In July, Technion Australia facilitated four Moriah College students and Masada College student Josh Wood, to go on the Technion’s SciTech science summer camp program in Haifa, where they joined more than 40 other participants from across the Jewish world.
The annual program aims to expose students to the true excellence and excitement found within the Technion – one of Israel’s leading universities – while also including day trips, workshops and activities that deepen understanding of Israel’s culture and history.
Last Friday, the Moriah participants – Mia Handel, Jessica Want, Amber Ando and Kiara Lapedus – shared their highlights and experiences of SciTech at a school assembly.
They said throughout their four-week stay at the Technion, they saw firsthand the incredible cutting edge research and work being conducted there across many fields of science, from advancements in bio-engineered meat substitutes, to new developments of diverse forms of antibiotics.
As a part of the program, they visited Madatech, “an incredible institution run by the Technion, that aims to bring a sense of tangibility to the scientific and technological ideas studied in the university”.
“We competed in challenging team exercises, such as building a working LED lighthouse tower and at Madatech, we studied robotics, which tested our knowledge and ignited our curiosity.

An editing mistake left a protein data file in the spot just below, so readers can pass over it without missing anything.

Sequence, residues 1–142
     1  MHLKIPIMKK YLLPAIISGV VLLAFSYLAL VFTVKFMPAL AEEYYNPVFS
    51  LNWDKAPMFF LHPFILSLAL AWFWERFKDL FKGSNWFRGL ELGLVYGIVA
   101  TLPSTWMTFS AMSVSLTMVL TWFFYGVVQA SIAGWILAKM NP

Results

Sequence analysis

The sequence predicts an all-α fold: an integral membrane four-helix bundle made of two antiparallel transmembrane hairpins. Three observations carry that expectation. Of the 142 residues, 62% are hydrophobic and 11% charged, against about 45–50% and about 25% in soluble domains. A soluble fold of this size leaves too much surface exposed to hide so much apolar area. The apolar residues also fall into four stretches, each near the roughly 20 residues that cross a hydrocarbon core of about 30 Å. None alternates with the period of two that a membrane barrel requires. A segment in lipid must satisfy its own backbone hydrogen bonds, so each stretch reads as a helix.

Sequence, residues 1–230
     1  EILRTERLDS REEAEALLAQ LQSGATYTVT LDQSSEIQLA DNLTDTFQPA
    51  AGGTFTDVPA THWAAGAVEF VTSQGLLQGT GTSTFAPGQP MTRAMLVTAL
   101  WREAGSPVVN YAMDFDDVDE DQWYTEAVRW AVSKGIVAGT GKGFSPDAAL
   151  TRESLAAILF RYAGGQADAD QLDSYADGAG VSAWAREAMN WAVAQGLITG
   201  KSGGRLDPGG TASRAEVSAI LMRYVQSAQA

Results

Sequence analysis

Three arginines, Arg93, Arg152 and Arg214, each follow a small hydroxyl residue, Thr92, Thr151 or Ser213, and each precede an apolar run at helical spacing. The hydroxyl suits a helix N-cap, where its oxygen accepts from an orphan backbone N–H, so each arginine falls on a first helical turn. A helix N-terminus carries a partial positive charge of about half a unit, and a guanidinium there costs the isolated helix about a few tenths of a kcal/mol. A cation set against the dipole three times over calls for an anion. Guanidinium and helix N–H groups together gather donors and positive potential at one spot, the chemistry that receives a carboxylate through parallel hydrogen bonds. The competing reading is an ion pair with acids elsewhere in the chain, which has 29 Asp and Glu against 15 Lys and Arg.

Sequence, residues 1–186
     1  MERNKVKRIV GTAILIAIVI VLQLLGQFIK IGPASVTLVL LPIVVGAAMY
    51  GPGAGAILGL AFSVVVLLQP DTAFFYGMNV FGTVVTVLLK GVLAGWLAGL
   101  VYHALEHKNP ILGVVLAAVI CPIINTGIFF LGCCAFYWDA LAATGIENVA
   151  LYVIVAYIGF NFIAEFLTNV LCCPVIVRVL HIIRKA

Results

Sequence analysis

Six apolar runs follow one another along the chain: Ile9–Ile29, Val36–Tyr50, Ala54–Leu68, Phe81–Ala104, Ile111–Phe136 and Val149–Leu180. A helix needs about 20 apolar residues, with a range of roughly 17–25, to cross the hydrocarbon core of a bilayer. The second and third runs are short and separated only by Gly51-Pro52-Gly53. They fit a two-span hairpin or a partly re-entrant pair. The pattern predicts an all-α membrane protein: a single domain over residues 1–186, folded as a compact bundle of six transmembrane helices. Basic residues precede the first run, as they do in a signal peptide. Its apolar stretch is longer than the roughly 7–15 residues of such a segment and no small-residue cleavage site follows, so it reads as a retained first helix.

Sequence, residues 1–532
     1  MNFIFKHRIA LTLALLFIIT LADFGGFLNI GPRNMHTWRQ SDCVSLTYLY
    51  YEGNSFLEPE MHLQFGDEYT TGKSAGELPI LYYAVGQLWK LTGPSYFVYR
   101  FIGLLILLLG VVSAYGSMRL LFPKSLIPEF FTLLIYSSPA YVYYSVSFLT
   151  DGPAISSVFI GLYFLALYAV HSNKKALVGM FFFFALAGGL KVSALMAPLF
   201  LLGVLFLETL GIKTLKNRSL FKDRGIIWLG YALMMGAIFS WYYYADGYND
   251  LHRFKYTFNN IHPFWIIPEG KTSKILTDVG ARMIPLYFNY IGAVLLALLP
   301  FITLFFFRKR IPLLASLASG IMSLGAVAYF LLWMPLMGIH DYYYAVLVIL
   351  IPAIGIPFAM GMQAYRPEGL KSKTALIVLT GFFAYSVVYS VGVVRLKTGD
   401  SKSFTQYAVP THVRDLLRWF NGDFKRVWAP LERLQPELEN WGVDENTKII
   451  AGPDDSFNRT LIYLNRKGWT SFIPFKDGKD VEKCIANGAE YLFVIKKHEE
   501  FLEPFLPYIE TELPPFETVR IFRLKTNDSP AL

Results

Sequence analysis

“We were given the opportunity to work in a lab, where we constructed our own batteries and we completed a two-day hackathon, where we expanded our STEM elective skills by soldering wires, connecting software and altering code.”
Later in the program, they visited the Technion Innovation Hub, working in groups to develop ideas for environmentally sustainable businesses.
“We studied presentation techniques and applied these newly found capabilities in a final presentation in front of a panel of experienced judges,” they said.
“We were also fortunate to go to the medical faculty at Technion’s Bat Galim campus, visiting research labs in many interesting fields such as neurology and cardiology, and spoke to scientists about their intriguing findings and future ambitions.
“And the friendships and connections we made with incredible people from around the globe are ones we truly cherish and will last a lifetime.
“We’d like to thank Technion Australia CEO Yoash Dvir who made this experience possible.”